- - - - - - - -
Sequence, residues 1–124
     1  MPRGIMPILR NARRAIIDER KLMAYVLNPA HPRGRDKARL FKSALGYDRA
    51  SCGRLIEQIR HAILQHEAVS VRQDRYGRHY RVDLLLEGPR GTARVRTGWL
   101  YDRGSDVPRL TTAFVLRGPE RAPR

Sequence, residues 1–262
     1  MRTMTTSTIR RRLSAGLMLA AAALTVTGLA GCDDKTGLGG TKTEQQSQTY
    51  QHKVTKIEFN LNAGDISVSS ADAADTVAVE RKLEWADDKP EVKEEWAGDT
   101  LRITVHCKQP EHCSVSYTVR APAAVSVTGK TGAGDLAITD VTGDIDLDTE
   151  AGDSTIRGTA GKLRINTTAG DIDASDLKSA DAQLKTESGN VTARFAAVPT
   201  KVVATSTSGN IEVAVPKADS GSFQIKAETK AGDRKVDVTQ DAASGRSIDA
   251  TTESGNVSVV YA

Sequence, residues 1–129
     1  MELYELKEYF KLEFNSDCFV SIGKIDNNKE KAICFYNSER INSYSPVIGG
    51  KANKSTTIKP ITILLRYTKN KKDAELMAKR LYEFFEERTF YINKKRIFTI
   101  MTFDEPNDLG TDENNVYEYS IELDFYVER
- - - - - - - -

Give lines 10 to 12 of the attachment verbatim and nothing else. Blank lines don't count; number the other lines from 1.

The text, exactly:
   201  KVVATSTSGN IEVAVPKADS GSFQIKAETK AGDRKVDVTQ DAASGRSIDA
   251  TTESGNVSVV YA

Sequence, residues 1–129